'Ultimately our aim should be zero deaths' - 2017 was safest year on record on Irish roads
- 'The drop in deaths in 2017 is a very welcome development'
- 30 pedestrians were killed, while 20 motorcyclists died
- 50pc increase in pedal cyclist fatalities
- Tribute paid to road safety campaigners
The number of people who lost their lives on Irish roads in 2017 declined 15pc, new figures show, as Ireland recorded its lowest ever number of fatalities on Irish roads.
A total of 158 people died in collisions in 2017, compared to 186 people who lost their lives on the roads in 2016.
According to the Road Safety Authority (RSA), 2017 was the safest year on Ireland’s roads since road deaths were first recorded in 1959.
Previously, 2015 with 162 deaths was the safest year on record.
Shane Ross, Minister for Transport, said that the figures were "encouraging".
"The combined focus on improved legislation, greater enforcement and road safety campaigns all played their part in saving lives. But while it is heartening to see that 2017 was the lowest year on record for road deaths, this is not good enough. We need to continue our efforts if we are to achieve the objective of reducing fatalities to 124 by 2020. Ultimately our aim should be zero deaths on our roads.”
Mr Ross noted that greater enforcement had resulted in higher detection figures and welcomed the commitment from An Garda Siochana that the 2017 increase of 10 per cent in the Traffic Corps will be repeated in 2018.
“It would also appear indisputable that the bravery of people like Gillian and Ronan Treacy in working with the RSA to show the devastation caused by reckless driving is making a real impact on the public consciousness. I thank them and all the road traffic victims groups who have campaigned so hard and so selflessly to make our roads safer.”
The highest number of fatalities were among drivers (67) despite the figure dropping 17pc from 81 deaths in 2016.
Some 30 pedestrians were killed last year, while 20 motorcyclists died on Irish roads.
This year, there has been a 50pc increase in pedal cyclist fatalities (15) in 2017 compared to 2016.
Ms Liz O’Donnell, Chairperson of the RSA said, “While one death is one too many the only way we can measure success or failure in road safety is by recording the number of deaths on our roads. The drop in deaths in 2017 is a very welcome development.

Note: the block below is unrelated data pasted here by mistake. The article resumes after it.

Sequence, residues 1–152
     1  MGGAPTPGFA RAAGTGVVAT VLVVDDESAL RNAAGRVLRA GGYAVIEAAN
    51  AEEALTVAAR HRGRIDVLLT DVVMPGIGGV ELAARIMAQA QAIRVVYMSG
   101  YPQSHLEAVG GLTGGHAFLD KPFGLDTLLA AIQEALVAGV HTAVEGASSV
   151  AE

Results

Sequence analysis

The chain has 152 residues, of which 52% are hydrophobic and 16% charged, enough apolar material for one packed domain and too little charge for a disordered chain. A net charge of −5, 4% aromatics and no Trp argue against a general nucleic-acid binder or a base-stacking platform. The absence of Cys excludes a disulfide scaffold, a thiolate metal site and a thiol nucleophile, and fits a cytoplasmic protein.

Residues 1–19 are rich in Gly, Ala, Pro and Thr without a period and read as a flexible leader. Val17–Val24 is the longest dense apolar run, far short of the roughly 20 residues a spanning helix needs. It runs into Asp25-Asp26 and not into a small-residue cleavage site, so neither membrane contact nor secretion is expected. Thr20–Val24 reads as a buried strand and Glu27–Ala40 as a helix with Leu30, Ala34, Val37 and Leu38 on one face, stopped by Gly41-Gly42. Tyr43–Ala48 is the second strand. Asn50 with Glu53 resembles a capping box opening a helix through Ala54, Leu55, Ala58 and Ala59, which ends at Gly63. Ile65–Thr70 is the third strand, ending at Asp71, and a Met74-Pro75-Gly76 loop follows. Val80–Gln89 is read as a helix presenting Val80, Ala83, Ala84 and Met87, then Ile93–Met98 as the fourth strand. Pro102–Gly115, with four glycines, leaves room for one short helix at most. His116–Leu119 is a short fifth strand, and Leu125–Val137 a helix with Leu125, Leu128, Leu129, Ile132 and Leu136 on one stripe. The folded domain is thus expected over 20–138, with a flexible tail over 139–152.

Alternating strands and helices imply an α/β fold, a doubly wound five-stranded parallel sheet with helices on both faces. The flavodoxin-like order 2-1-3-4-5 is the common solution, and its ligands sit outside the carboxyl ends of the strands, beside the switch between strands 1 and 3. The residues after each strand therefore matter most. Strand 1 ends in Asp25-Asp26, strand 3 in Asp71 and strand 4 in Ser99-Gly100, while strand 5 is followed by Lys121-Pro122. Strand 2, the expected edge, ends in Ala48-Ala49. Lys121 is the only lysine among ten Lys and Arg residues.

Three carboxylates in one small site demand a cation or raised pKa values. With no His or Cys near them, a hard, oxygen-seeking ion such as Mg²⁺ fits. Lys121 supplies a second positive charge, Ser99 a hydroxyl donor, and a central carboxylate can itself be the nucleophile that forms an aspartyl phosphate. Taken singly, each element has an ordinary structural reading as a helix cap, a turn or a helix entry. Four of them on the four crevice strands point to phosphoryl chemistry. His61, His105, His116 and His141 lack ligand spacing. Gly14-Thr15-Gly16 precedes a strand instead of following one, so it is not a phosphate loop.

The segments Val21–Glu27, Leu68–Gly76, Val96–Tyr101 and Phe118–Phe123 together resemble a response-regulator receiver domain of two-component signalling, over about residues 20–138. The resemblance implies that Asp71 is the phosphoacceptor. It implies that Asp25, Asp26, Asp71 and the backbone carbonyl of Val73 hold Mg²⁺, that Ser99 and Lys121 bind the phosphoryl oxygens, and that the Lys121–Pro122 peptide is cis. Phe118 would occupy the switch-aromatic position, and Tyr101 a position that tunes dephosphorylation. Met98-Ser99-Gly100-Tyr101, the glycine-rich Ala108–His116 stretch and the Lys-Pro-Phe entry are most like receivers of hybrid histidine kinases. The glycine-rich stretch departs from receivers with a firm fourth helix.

"Whatever the reason for this decline, the main factor was ultimately as a result of the decision of every road user to change their behaviour for the better. For this I thank you."
The highest risk age groups in 2017 for fatal road collision were those aged 66 and older (21pc of all road users killed), 16-25 year olds (21pc) and those aged 26-35 (18pc). This is a similar trend to that of 2016.
In 2017, there was also fewer child fatalities in 2017 (4) compared to 2016 (10).
The most common times for a fatal collision were between 12pm-4pm, with March being the most common month for fatalities.
Non-wearing of seatbelts remains a concern for both drivers and passengers (19pc).
Assistant Commissioner Michael Finn, Garda National Roads Policing Unit, An Garda Síochána said, “I would also like to express my thanks to all the drivers who slowed down, wore their safety belt, put the mobile away and most importantly did not drink or take drugs and drive.
"All road users played a part in making this the safest year on record – but we can never be complacent and we can always do more to reduce road fatalities further. One road death is one too many. An Garda Síochána will continue to target those that put others in danger on the roads, and the additional 150 Traffic Corps members being recruited in 2018 will greatly assist us to target and intercept those that cause risk to you and I on the road.”
Ms Moyagh Murdock, Chief Executive, RSA said “Ireland is still a long way off achieving its road safety targets as set out in the Government Road Safety Strategy 2013 to 2020. The Strategy has set the task of making Ireland’s roads as safe as the best performing countries in the European Union.
"Specifically to reduce road fatalities on Irish roads to 124 or fewer by 2020. This means there must be a further 22pc reduction in road deaths, on 2017 figures, over the next three years. While this will be a challenging target to achieve given our mixed road safety performance since 2013, its one that we must all strive to achieve through our continued efforts to implement the 144 road safety measures contained in the strategy.”